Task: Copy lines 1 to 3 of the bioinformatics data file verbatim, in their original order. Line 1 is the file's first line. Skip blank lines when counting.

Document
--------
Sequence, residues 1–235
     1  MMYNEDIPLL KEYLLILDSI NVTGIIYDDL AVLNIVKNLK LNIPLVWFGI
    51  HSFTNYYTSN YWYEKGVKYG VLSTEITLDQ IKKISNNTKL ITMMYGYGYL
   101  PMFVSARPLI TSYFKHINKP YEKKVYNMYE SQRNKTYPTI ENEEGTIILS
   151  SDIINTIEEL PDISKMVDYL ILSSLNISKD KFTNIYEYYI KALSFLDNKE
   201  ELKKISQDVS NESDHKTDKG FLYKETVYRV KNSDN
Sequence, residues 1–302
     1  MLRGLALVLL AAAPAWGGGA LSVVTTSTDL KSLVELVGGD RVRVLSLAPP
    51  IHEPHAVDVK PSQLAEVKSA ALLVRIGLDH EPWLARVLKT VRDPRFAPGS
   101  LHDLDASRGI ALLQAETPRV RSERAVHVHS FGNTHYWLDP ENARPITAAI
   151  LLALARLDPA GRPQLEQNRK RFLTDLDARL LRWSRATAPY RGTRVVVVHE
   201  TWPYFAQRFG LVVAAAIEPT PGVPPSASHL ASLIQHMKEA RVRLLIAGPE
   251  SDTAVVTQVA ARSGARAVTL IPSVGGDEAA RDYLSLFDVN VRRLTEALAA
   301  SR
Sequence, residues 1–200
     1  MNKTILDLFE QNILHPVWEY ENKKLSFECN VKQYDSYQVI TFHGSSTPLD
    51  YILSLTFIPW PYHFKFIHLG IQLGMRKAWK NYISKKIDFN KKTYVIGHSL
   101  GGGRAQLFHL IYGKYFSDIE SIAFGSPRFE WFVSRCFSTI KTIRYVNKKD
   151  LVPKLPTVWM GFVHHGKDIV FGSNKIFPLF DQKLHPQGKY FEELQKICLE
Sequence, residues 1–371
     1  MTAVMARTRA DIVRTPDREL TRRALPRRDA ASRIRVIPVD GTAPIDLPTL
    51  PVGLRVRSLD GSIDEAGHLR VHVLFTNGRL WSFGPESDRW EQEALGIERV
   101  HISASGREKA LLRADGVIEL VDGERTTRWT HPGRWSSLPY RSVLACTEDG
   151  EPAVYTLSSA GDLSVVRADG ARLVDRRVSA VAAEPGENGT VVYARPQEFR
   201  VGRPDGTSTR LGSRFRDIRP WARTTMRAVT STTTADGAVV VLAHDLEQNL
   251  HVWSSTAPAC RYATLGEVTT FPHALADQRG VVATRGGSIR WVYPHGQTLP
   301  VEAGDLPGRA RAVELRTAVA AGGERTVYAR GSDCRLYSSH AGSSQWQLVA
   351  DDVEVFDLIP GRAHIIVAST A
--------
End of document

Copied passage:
Sequence, residues 1–235
     1  MMYNEDIPLL KEYLLILDSI NVTGIIYDDL AVLNIVKNLK LNIPLVWFGI
    51  HSFTNYYTSN YWYEKGVKYG VLSTEITLDQ IKKISNNTKL ITMMYGYGYL